Economic officials put industry, tort reform atop state’s ‘to do’ list
Boosting southwest Mississippi’s appeal as a location forindustry and urging tort reform measures took center stage as stateand area economic development officials met Wednesday inBrookhaven.
Wednesday’s meeting was part of the Opportunity Tour by newMississippi Development Authority Executive Director Bob Rohrlackand others in the economic development arm of state government.Rohrlack told southwest Mississippi officials that MDA wants to beaggressive and responsive in addressing their economic developmentneeds.
“We’re hear to learn what you want and to help make thathappen,” Rohrlack said.
Area officials questioned MDA leaders about a perception thatsouthwest Mississippi was not attractive as a site for newindustry. Answers were sought on how to improve the situation.
Rohrlack said having available land is the first priority.
MDA representatives said successful communities have a strongpublic and private leadership base. One area that southwestMississippi is at a disadvantage is that it doesn’t have largepopulation centers that some other areas have.
Mike Larsen, director of the MDA administration, complimentedarea officials on the development of a 10-county regionalpartnership to encourage and promote economic development.
“I think that’s a real good step you have taken,” Larsensaid.
Area officials were optimistic the partnership would paydividends.
“We’re pulling together to make our numbers look better,” saidClovis Reed, Claiborne County administrator. “And given half achance, we’re going to catch up with the rest of the state.”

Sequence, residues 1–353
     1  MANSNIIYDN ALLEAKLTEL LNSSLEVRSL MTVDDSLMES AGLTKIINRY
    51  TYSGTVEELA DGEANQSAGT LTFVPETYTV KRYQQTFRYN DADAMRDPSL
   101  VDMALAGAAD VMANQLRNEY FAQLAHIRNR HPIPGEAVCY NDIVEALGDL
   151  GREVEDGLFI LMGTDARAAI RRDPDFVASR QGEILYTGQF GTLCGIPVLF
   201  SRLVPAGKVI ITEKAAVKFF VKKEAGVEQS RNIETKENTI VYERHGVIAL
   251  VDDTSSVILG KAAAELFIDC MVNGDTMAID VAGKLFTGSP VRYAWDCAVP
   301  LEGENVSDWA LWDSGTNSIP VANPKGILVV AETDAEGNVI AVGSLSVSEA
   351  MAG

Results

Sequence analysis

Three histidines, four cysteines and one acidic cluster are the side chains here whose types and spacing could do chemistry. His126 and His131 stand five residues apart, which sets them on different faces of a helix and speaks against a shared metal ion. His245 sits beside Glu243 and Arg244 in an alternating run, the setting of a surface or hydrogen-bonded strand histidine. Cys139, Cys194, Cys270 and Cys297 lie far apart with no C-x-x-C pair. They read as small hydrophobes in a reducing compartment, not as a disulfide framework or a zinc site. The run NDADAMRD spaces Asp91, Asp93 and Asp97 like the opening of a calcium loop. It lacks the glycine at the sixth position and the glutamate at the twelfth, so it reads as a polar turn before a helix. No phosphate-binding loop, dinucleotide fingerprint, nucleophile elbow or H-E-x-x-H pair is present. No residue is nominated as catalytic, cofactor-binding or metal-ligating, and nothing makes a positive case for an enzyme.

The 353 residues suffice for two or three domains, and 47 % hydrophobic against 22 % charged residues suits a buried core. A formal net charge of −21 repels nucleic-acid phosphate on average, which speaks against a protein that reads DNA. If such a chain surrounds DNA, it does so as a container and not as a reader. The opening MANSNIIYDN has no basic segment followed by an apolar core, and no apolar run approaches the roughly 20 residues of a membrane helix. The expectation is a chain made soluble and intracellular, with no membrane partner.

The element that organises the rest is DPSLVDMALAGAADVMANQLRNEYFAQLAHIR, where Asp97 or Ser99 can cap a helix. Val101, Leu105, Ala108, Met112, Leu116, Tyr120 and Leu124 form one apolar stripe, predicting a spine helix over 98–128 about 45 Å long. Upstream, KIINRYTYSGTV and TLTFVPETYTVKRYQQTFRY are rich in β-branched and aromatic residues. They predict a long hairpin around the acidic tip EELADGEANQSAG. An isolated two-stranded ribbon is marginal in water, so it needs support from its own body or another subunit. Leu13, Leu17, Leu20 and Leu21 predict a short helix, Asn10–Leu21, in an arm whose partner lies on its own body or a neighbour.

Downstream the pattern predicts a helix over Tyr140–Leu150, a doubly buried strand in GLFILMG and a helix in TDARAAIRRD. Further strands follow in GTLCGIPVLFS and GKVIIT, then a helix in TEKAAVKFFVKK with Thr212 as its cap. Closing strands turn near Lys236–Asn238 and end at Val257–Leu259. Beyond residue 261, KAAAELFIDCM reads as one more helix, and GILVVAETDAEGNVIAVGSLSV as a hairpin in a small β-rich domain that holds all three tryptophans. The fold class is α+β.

Some comments were directed toward the new Nissan plant and thelocation of Tier 1 suppliers north of Interstate 20. MDArepresentatives said Nissan wants Tier 1 suppliers within an hourof the Canton plant, but Tier 2 and Tier 3 suppliers would belocated across the state.
Tort reform also got attention Wednesday. High lawsuit verdictshave prompted some insurance carriers to not offer malpracticeinsurance for physicians, and some businesses will not send theirtrucks to certain counties because of lawsuit fears.
“That’s not economic development. That’s un-development,” saidAlvin Smith, a Brookhaven insurance agent.
Dist. 39 Sen. Cindy Hyde-Smith said the ridiculous verdicts werecontributing to the state’s “blackeye.”
“Sometimes I think we’re self-destructing one verdict at atime,” the senator said.
Dist. 92 Rep. Dr. Jim Barnett said there are indications thattort reform measures could be successful in the upcominglegislative session.
“I think our best prospects for tort reform will be this year,”Barnett said.
Hyde-Smith said there is momentum for tort reform, but a publicoutcry is needed for it to happen.
“That’s the only thing that’s going to change this, in myopinion,” she said. “This session is the time to scream, and screamloud.”
MDA officials also gave an update on the organization’s agendafor the 2002 legislative session. Those include refining someexisting programs, such as the state Capital Improvements Revolving(CAP) loan program to make interest rates more attractive tocommunities and expand the program to make recreational andathletic facility project eligible for loan funding.
Rohrlack touted the Advantage Mississippi Initiative as a way toimprove the state’s economic development opportunities.
“It’s flexible community by community and project by project,”Rohrlack said.
Rohrlack said the state is seeing some exciting times in thearea of economic development. He encouraged partnerships on thestate and local level and officials work to make sure Mississippiis not trailing or lagging behind other states.
“Economic development is not a destination. It’s a process,”Rohrlack said. “We’ve all got be involved in that process.”
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